Published on
20 March 2020

Our Director of Barnardo's Scotland, Martin Crewe, shares the lessons he has learned from managing the Coronavirus pandemic. 

It’s said that every day is a school day (but may not be such an accurate saying from Monday!) and this week I have been on a very steep learning curve even though I have been doing my job for 13 years.  Some of my learning is probably only really applicable to large, geographically-dispersed, charities but some of the lessons might be useful more generally across the sector. 

So here are 7 lessons I have learned from managing the Coronavirus pandemic this week:

It’s a crisis – normal rules are suspended

Priorities need to shift and decisions have to be made. Normal procedures and processes, reporting expectations and consultative approaches have to be tempered to the new reality. Make sure everyone in the organisation knows this.

Focus on what really matters

This means the beneficiaries. Whatever the organisational challenges of moving thousands of staff to home working (and there are many!) these pale into insignificance compared with the impact of the pandemic on children, young people and families. We have mobilised this week to deliver additional financial, practical and emotional support to thousands of families – flexing all of our resources to achieve this.

Don’t look too far ahead

This week my focus has been on what needs to be sorted today and tomorrow with an eye to what might happen next week. Anything beyond that is completely unknown territory and huge amounts of time could be wasted drawing up numerous scenarios and updating risk registers. Far better to be nimble as events unfold than attempt to anticipate every eventuality.

Let go

It can be tempting to try and centralise decision making in order to co-ordinate the best possible response. This is impossible in a fast moving situation like this week and just slows everything down. Make sure managers know the important areas for consistency but let them get on with making the best decisions for their local circumstances… and be tolerant if mistakes are made.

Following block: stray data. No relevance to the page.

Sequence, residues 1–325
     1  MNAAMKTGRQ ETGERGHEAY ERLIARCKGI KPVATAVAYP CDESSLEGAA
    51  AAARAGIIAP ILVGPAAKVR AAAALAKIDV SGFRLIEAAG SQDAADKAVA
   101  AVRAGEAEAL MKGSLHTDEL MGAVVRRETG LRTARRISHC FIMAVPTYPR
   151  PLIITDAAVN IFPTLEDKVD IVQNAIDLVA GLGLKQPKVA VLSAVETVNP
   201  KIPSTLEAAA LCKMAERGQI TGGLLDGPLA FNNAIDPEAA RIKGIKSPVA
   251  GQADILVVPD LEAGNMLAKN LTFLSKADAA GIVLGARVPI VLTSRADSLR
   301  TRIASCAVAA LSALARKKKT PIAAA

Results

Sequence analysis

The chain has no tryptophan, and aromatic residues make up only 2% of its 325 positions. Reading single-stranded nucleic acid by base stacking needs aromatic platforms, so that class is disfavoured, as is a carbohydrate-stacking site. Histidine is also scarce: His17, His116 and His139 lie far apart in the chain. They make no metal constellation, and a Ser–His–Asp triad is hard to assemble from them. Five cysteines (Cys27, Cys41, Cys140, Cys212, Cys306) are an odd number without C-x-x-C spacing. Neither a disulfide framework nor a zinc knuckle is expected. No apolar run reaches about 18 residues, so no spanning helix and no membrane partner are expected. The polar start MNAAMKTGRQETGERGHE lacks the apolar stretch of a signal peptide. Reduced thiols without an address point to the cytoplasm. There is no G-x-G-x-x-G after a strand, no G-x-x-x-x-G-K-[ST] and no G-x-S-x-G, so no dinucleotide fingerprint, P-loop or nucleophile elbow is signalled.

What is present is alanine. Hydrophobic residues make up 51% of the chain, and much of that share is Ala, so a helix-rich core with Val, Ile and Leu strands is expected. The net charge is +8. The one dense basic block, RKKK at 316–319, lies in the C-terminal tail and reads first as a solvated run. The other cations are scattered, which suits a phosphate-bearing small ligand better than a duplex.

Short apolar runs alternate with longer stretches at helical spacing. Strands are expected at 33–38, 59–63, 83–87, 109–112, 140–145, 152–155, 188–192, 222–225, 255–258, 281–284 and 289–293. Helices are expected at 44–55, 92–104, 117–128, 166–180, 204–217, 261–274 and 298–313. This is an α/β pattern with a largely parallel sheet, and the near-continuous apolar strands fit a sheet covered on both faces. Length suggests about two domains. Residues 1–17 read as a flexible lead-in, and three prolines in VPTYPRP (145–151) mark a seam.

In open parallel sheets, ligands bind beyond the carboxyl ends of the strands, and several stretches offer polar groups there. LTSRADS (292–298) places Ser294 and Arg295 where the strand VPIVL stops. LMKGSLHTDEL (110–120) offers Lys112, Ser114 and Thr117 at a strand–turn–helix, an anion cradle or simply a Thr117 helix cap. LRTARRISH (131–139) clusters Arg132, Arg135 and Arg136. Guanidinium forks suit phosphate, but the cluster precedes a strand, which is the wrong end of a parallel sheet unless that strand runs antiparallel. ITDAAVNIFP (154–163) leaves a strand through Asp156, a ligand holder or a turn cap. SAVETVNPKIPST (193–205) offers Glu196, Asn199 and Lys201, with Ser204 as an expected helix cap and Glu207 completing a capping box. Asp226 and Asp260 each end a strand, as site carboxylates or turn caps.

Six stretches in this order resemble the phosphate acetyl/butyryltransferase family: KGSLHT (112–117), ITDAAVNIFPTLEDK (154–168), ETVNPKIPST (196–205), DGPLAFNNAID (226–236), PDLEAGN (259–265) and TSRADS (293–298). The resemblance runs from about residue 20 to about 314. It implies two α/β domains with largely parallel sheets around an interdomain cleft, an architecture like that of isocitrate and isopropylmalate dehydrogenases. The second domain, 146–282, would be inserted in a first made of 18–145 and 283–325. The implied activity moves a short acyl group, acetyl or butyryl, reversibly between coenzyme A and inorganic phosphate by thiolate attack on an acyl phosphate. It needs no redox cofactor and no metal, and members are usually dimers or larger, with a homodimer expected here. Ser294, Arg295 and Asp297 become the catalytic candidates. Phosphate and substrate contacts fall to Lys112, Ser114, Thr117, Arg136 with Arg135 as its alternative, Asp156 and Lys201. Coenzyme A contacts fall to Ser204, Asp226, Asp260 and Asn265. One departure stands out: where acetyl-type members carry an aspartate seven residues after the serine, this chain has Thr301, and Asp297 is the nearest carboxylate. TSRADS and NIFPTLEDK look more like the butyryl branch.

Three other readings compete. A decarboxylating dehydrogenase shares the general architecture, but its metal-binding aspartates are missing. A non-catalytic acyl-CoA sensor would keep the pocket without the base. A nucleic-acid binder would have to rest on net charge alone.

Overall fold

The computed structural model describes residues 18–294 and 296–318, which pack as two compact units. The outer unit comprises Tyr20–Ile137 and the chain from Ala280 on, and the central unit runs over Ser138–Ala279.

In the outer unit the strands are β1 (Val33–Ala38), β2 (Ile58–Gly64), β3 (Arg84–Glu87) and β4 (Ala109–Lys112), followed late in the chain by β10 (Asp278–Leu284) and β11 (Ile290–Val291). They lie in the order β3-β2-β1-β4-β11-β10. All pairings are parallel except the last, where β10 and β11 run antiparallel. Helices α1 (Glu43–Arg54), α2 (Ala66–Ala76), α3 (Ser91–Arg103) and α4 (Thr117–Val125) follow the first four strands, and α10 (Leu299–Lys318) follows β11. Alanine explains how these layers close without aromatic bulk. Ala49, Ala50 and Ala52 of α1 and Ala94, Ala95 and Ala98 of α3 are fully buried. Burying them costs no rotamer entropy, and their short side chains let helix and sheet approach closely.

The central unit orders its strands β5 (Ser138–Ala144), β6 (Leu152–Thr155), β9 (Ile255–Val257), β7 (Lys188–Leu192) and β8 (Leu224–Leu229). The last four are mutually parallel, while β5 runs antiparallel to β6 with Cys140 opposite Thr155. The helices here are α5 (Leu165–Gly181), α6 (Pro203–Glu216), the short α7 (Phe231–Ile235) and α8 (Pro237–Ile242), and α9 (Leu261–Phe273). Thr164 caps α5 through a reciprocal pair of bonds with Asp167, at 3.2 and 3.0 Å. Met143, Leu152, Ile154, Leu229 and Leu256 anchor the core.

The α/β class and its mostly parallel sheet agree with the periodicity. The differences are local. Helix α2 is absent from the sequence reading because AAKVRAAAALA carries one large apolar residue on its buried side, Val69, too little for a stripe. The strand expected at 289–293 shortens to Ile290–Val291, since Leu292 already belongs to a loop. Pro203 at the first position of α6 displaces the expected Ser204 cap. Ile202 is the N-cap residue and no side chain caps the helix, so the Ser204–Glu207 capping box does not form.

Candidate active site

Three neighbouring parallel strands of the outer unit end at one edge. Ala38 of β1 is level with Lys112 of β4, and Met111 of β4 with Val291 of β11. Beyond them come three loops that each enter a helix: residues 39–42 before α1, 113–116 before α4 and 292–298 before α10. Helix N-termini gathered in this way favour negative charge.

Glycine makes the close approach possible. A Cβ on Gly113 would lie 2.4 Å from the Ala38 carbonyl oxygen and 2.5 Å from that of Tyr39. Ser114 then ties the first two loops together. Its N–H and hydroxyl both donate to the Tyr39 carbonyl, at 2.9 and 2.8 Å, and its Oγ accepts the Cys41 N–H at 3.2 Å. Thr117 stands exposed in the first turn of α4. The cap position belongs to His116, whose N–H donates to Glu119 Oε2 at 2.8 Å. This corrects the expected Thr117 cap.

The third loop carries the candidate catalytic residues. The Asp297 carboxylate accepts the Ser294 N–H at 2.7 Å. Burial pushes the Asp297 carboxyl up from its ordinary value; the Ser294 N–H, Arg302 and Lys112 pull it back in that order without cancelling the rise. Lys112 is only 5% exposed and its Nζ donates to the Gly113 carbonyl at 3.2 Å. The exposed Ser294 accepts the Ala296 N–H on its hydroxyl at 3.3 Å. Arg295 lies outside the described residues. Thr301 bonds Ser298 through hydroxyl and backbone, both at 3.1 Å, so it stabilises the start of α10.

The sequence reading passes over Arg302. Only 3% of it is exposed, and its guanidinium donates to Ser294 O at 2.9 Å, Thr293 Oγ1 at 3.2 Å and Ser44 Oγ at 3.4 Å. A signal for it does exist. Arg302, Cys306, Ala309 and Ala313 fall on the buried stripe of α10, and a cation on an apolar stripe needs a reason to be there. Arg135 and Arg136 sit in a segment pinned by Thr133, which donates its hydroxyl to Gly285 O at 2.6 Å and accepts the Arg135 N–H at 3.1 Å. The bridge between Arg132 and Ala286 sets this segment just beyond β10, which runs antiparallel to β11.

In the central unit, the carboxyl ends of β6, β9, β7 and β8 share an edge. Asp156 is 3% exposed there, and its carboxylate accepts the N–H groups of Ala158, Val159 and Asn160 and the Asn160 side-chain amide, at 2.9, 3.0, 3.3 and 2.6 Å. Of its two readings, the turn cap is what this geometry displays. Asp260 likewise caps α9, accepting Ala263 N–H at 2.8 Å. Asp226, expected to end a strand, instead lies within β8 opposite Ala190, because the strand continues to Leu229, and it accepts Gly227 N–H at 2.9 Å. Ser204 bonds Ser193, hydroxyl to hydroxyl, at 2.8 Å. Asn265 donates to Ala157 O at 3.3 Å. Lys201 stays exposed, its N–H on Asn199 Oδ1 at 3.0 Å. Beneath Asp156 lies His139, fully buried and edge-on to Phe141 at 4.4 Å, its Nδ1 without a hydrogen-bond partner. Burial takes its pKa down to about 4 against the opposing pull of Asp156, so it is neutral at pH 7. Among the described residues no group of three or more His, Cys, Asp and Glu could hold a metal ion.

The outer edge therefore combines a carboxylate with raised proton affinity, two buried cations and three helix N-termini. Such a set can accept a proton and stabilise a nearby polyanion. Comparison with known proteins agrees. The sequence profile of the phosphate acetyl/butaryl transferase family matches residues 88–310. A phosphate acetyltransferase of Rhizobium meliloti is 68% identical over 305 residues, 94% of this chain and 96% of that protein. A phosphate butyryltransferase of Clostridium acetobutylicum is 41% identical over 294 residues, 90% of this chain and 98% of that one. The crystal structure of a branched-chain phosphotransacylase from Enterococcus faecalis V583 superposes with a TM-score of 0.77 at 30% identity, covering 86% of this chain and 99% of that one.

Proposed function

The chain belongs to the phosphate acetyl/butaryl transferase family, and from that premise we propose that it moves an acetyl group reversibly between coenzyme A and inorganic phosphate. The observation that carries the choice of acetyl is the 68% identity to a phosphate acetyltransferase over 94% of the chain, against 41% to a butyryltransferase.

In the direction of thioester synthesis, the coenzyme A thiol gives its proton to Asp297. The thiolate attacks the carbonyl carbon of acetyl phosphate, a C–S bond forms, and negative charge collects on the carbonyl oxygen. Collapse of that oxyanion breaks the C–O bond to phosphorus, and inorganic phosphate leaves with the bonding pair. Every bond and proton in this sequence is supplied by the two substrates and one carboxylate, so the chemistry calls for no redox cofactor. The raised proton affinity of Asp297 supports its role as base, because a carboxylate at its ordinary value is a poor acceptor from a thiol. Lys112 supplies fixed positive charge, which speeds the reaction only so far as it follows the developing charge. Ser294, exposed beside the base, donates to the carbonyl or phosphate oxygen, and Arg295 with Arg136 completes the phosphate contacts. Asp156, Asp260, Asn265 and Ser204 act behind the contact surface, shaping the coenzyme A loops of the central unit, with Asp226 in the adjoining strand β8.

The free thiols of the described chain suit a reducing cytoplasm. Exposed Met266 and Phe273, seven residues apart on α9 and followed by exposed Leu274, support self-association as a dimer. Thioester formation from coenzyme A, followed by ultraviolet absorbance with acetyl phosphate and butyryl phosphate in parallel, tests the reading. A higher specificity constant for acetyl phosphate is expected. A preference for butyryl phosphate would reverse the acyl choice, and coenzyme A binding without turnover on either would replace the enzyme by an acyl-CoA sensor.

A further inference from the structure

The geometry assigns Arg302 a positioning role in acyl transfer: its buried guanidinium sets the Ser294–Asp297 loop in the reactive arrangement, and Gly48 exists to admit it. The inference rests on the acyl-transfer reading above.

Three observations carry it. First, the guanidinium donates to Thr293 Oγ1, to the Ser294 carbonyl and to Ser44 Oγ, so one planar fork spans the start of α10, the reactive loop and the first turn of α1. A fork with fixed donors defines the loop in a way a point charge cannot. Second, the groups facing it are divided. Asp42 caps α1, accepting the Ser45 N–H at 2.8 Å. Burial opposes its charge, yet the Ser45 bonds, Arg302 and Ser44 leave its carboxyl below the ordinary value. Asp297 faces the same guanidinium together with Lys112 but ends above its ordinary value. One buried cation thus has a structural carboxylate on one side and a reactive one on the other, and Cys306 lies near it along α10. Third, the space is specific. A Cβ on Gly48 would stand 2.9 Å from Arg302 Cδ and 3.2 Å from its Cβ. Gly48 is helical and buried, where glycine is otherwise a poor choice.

Enable the people

Staff and volunteers who are not compromised by the virus want to be flexible but they can only do this if they have the right support. Getting the technology right has been a real challenge this week but people have come up with innovations and work arounds. Working from home is the new normal and we need to help people make it work.

Give assurance

It has become a suddenly scary world and anxiety levels are high. The virus and its knock on effects have been brutal for many people so our staff are looking for reassurance from their leaders. All charities will take a hit on income over the coming weeks but we should avoid knee jerk reactions to this and give as much assurance as possible to staff and volunteers. With so much changing, we need to emphasise where there is continuity.

Establish robust lines of communication

A good flow of information both top down and bottom up is essential. Having a clear daily structure also reduces anxiety as people don’t have to worry that they have missed out on the latest news. We have put in place a daily routine of briefings (both UK-wide and in Scotland) in the morning and then an afternoon update for all staff.

So those are my exhausted ramblings after a week like no other. It has been hectic, emotional and frustrating. But it has also been a privilege to lead a group of staff and volunteers who are dedicated to doing the very best for children, young people and families in the very worst of times.

Read part 2 of this blog post here.